The top 10 largest pharma layoffs in 2013

Layoffs are always big news in pharma, as they are seen as an indicator of the health of the industry. Companies don't like to have to announce them, but when they decide to, getting plenty of attention becomes important. That is to impress upon investors that their CEOs are making the hard decisions needed to keep costs in line. Of course employees are interested. They know from the inside what is about to happen, and having lived through the awful anticipation, they want to see what the carnage is really going to be.

The patent cliff is often the big culprit. One might think that a one-to-one relationship could be graphed between what is happening with the patent cliff and layoffs, but that is not the case. Pharma analysis company EvaluatePharma has forecast that there were $41 billion in patent sales at risk in 2011, a year in which the top 10 pharma layoffs amounted to 26,500. In 2012, the peak year, EvalutePharma said a whopping $67 billion was at risk. In that year, the top layoffs tallied more than 34,600. Then in 2013, when at-risk sales fell to only $29 billion, we have a total for the top 10 of nearly 27,900.

Of course, the factors that eventually lead to layoffs are not simple. Some companies try to get ahead of the curve with cuts. Eli Lilly ($LLY) is an example of that for 2013. Sometimes they cut and then have to cut more because the pipeline is not hitting. Merck ($MRK) comes to mind, having announced its fourth wave of major cuts in four years during 2013.

And sometimes there are even pleasant surprises. The patent for Novartis' ($NVS) hypertension blockbuster Diovan expired in September 2012, but because of regulatory issues, Ranbaxy Laboratories has yet to launch the first approved generic.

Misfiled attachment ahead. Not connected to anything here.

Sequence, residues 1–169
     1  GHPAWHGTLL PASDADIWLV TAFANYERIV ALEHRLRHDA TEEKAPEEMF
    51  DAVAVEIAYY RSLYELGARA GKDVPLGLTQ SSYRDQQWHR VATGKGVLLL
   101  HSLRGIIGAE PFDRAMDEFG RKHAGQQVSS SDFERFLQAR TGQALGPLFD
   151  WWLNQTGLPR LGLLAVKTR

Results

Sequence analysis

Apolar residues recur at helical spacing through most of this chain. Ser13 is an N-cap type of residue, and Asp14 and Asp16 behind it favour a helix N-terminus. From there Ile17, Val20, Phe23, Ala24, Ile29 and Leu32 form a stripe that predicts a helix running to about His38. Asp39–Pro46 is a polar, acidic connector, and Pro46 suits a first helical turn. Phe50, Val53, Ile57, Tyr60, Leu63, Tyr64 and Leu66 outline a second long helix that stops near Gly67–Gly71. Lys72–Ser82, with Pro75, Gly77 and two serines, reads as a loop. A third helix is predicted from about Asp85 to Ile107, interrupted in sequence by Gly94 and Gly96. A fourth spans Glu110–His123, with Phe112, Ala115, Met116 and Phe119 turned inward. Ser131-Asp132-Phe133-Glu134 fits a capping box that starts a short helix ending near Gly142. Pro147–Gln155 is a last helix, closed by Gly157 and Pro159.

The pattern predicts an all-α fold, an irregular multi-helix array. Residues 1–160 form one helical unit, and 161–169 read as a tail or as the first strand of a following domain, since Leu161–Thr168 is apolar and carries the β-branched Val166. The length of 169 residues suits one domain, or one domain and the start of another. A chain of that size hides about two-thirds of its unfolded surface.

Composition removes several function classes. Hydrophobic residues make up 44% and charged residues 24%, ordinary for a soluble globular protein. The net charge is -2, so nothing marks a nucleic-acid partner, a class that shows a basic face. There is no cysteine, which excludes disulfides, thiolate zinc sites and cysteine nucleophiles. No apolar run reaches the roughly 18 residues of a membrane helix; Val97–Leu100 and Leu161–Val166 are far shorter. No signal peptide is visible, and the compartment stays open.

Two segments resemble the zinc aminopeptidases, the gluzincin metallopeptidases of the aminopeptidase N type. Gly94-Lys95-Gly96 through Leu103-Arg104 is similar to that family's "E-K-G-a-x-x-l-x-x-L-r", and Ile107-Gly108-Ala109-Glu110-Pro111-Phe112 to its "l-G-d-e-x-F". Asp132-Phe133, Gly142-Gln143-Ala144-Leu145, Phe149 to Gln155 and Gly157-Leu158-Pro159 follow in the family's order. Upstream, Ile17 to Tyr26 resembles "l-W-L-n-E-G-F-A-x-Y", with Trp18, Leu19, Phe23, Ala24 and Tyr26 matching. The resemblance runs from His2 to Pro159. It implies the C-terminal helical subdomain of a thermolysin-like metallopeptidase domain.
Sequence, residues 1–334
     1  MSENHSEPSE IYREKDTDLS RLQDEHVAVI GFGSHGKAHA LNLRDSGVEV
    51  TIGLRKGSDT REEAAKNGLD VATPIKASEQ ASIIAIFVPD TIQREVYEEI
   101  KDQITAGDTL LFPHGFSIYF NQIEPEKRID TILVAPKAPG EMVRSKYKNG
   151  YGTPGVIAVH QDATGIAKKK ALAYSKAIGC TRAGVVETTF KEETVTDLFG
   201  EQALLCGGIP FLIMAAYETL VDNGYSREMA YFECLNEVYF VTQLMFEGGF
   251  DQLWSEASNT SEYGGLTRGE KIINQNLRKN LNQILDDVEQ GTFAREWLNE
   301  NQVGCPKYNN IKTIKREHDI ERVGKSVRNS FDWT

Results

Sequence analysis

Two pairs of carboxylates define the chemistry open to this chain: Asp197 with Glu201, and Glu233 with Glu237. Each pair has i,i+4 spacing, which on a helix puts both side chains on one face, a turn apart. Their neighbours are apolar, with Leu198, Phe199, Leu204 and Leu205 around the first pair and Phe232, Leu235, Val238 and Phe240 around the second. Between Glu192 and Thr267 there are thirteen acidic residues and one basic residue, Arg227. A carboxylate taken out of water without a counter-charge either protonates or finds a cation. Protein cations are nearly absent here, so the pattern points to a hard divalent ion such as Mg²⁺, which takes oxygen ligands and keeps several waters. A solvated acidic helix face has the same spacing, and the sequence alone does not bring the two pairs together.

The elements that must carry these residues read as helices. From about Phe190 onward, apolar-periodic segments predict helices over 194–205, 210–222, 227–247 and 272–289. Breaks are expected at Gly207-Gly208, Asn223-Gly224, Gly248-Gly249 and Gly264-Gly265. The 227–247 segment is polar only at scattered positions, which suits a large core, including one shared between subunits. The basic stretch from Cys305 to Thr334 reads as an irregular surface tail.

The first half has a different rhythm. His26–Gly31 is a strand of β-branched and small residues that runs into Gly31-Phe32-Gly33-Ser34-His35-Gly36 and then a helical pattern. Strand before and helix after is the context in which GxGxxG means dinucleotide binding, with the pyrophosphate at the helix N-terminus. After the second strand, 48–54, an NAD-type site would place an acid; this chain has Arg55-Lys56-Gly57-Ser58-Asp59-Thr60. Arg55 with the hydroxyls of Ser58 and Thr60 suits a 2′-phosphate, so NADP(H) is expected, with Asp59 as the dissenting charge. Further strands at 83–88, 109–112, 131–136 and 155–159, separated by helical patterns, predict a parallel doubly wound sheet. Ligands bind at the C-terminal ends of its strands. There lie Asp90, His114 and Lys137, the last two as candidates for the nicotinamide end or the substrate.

Speaking of regulatory issues, generic competition isn't always the impetus for cuts. German drugmaker Boehringer Ingelheim laid off about 1,100 employees last year after the cost of bringing its Bedford, OH, sterile manufacturing plant up to standards made it more cost-effective to just close it up.

Having grown up in a town that could stretch its population number to 25,000 when its small college was in session, I am often struck by how the tens of thousands that lose their jobs in pharma each year could represent an entire community. Many of you will have been affected by layoffs either directly or in some glancing blow. So if you have opinions, don't hesitate to express them in the comments section or on Twitter, or via email to me or Carly Helfand. Or join our LinkedIn group and go at it there. -- Eric Palmer (email | Twitter) | Carly Helfand (email | Twitter)


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